I asked what he might have in mind for Feb. 14. “For Valentine’s Day, it’s an intimate weekend with lots of restaurant specials. What we will do is build a chocolate sculpture—about eight to 12 inches high. We’ve done a perfume bottle, or a lock and key. There will be love-themed cakes in the pastry case. Cafe Julie’s will offer more specials and pre-packed boxes. The show pieces are really popular. It’s surprising how many are willing to buy a sculpture.” Needless to say, those are wrapped with great care to survive your trip home.
Why make a trip to Colorado Springs for your Valentine sweetie? Thomas explains, “There are not many —if [any] at all—people doing what we are doing in Colorado, certainly not in a hotel. The reason we’re doing it is because The Broadmoor is always looking for a way to set itself apart. What you get here, you can only get here. It will always be our focus. Our culinary program is the same—we harvest our own honey, we breed our own wagyu beef for the hotel guests.”
Luxury chocolates may be just one part of the equation for The Broadmoor hotel, but for this romantic holiday it is at the heart of the lure to relish a unique and quintessential Colorado experience.
Cafe Julie’s is located in the main lobby of The Broadmoor Hotel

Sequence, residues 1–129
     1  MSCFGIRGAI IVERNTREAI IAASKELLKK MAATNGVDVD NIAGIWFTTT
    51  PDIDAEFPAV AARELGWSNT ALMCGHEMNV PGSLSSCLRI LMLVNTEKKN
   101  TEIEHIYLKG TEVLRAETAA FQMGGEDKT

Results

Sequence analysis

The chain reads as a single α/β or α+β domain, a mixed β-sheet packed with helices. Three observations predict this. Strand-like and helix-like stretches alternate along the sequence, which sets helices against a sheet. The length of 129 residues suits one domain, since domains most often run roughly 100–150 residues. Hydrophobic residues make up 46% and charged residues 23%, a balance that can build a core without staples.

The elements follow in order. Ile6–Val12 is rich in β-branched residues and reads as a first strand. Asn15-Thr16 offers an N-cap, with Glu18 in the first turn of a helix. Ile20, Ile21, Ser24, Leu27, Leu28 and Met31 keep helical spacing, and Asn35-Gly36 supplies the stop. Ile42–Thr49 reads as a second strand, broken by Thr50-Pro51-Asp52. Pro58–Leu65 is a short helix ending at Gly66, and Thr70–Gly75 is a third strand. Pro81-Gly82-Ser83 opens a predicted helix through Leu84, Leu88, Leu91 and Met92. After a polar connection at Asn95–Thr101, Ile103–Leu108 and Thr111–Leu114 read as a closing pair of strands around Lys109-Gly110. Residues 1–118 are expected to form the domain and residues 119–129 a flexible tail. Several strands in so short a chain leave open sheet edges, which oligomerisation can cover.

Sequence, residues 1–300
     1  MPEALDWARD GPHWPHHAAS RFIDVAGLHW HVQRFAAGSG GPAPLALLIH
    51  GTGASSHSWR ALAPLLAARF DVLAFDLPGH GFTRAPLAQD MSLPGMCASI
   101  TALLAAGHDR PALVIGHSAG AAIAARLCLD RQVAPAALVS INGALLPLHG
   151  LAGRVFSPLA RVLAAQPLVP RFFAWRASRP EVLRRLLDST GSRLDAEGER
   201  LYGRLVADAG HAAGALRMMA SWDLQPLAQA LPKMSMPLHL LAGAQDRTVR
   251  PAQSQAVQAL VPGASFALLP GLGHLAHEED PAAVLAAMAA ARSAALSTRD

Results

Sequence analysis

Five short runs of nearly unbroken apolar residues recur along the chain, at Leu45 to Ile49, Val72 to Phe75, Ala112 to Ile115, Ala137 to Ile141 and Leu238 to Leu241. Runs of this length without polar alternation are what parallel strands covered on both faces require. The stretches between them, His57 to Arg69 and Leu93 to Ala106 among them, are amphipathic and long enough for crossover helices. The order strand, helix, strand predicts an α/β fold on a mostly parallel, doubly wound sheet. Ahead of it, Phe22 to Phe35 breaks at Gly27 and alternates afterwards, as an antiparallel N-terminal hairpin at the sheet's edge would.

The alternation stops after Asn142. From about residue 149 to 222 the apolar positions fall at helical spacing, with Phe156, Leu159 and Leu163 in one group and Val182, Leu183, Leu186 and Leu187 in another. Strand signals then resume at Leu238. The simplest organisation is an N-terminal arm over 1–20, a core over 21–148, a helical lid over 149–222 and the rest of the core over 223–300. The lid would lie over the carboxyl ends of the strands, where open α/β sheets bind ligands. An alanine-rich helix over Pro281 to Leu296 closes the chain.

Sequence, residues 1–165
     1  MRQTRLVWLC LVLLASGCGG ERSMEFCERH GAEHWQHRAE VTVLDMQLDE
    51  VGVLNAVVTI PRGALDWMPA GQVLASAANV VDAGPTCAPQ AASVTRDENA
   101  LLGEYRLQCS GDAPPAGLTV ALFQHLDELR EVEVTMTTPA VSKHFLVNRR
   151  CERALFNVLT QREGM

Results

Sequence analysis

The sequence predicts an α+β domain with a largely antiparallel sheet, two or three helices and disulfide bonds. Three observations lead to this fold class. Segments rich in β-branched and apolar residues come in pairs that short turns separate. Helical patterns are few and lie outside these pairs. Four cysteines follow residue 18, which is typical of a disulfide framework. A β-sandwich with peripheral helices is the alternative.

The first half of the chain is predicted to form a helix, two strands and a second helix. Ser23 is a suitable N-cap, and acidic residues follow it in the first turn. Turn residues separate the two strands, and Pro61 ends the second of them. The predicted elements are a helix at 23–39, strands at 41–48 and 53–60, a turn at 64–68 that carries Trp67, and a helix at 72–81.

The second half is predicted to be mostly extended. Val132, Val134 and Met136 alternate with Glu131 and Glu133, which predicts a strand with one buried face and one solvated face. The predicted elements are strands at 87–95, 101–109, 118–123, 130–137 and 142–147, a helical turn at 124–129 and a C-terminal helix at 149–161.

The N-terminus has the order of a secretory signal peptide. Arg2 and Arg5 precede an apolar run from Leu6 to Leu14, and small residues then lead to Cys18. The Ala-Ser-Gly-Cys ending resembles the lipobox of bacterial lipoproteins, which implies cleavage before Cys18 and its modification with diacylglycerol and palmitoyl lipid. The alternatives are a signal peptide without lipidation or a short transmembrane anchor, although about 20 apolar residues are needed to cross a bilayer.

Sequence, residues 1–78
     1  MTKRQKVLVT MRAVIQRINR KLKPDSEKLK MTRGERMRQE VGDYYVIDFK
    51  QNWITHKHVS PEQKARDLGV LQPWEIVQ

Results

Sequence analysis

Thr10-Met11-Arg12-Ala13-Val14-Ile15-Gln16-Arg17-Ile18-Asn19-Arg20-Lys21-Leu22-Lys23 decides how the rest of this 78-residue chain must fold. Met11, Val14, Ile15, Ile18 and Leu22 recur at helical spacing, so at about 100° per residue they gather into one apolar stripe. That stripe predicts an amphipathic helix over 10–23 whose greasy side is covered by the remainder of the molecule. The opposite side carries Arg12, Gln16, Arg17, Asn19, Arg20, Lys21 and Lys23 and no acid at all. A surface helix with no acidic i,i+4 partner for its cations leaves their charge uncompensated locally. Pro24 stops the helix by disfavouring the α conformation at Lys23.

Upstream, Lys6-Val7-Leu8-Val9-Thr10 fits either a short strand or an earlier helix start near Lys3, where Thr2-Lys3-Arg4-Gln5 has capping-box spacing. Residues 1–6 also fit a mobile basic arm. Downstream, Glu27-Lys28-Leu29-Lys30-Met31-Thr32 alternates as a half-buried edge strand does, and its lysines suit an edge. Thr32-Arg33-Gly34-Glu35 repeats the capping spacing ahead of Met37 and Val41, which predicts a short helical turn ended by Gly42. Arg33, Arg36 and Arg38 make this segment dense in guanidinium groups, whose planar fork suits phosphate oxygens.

1 Lake Ave, Colorado Springs, CO 80906
Friday and Saturday 6:00 a.m. to 10:00 p.m.
Sunday through Thursday 6:00 a.m. to 9:00 p.m.
Makes one 5-layer cake
3 1/3 cups all-purpose flour
3 1/4 cups sugar
¾ cup cocoa powder
1 tsp baking soda
1 2/3 cups buttermilk
1 ¼ cups oil
1 2/3 cups water
3 large eggs
3 tsp vanilla extract
Preheat the oven to 350. Combine flour, sugar, cocoa powder and baking soda in the bowl of a stand mixer. Using the paddle attachment, mix until incorporated. Whisk together the remaining ingredients in a separate bowl. With the mixer on low, slowly add the liquid ingredients in three parts. Scrape the bowl down between each addition. Pour batter into three separate pans coated with butter and dusted with flour. Fill the first two pans about 2/3 of the way full and pour the rest of the batter into the third pan. Bake at 350 until cake springs back when touched, about 30 minutes. Remove from oven. Once cooled, carefully slice the two full rounds in half horizontally to make the layers of the cake.
3 1/3 cups butter
2 3/4 cups heavy cream
3 ½ tbsp corn syrup
4 tsp vanilla extract
2 ¼ cups sugar
2 ¼ cups cocoa powder
2 ¼ cups brown sugar
½ tsp salt
Combine butter, heavy cream, corn syrup and vanilla in a large pot. Bring to a boil. Remove from heat.
Sift together the sugar and cocoa powder in a medium mixing bowl. Add the brown sugar and salt. Slowly add dry ingredients to hot cream mixture, whisking constantly.
Return to heat. Continue to whisk frosting as it returns to a gentle simmer. Simmer for 4 to 5
minutes, whisking often. Strain through a fine-mesh strainer and place in large baking dish to cool.
When ready to frost the cake, warm slightly until smooth and spreadable.
Joy Lawrance is a freelance writer living in Golden writing frequently for Colorado Expression. She feels that the perfect dessert is a simple piece of excellent dark chocolate (65 to 70 percent!) to put a luscious finish on any meal.